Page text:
So, the zombie craze is over now, right? The Walking Dead‘s popularity is waning; there hasn’t been a great “Of The Dead” film in like 15 years. We may finally be coming out of it. So of course now’s the best time to revitalize the gene with something fresh and original. Enter, Overlord. The kickass action-horror-zombie-war movie we’ve been waiting for. Now, when I say fresh, it’s in the sense of being shockingly well-made. But as far as original, well, stop me if some of this sounds familiar. . .
“They have been given a purpose.”
Overlord brings us right into the cabin of a plane as a squad of paratroopers prepare to drop into France on the eve of D-Day. Their mission is to destroy a Nazi radio tower before the Allied assault. When the plane is shot down, only a small group of soldiers remain, including Pvt. Boyce (Jovan Adepo) and Corporal Ford (Wyatt Russell), and three others. The ragtag team finds shelter in a nearby village, and plans their next move to complete their mission. But the Nazis are working on something much more sinister below the local church, and the coming battle threatens to unleash it.
Now, if you’re thinking this sounds an awful lot like Wolfenstein, Nazi Zombies, Resident Evil 4; you’re right.But let’s be honest, the video game medium is rife with great horror source material. Now, Overlord isn’t by any means an adaptation of any of these titles. But it’s about as close as we’re likely to get for a while.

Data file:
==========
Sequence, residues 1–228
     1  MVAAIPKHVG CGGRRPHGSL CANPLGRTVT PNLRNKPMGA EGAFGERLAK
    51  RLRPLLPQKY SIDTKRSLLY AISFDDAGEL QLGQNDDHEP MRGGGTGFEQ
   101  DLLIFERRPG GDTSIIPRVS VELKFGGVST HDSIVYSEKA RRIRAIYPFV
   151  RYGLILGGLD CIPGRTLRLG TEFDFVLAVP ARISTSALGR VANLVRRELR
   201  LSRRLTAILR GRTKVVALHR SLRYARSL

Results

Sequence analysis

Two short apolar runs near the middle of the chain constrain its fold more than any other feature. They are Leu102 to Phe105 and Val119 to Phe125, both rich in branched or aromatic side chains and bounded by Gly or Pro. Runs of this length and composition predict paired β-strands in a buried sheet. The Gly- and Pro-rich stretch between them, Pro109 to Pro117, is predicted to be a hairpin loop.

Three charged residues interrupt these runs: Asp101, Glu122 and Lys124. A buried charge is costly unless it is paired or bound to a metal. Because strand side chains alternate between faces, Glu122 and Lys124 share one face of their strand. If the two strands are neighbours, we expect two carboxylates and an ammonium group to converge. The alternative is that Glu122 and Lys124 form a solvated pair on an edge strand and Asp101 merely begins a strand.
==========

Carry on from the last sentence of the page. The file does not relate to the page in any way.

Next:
What was quite surprising about Overlord was the tone. If one were to go solely by the trailer, you’d likely expect B-movie schlock. Even the director went out of his way to announce the film’s over the top, “ridiculous” nature. And while the film surely dips into a few horror cliches, you may be surprised to know the entirety of the film is played almost completely straight. This isn’t a send up, or a spoof gore-fest. This is a movie about soldiers. It’s a war movie, and a pretty by the book one as well. It just also happens to have some horror elements as well. And Overlord manages to balance both genres, and pull them off pretty impressively.
“How does it feel? The blood of eternity. . .”
The cast meshes well together, all giving off that unmistakable vibe of young men in over their heads, like every other young soldier of WWII. Wyatt Russell takes on the role of the team’s only grizzled veteran, a role that would’ve fit his father just as well in the 80s. I have no doubt that he’ll be a huge star in due time. Pilou Asbæk (Game Of Thrones‘ Euron Greyjoy) turns out a super creepy performance as the local Nazi Captain, Wafner.
And yes, once the action really begins, we are treated to some crazy action, and yes, even some gore. And both deliver in spades. The overwhelming sounds of battle threaten to destroy your eardrum, putting you right in the middle of the bloodiest war the world had ever seen. It truly is pretty remarkable how well-crafted the film is from a war movie perspective. And in keeping with the WWII feel, the opening credits are delivered in classic 1940s fashion, before giving us one of the most intense opening scenes since Saving Private Ryan. I don’t want to oversell a film about Nazis and zombies, but seriously, it’s just a damn good flick.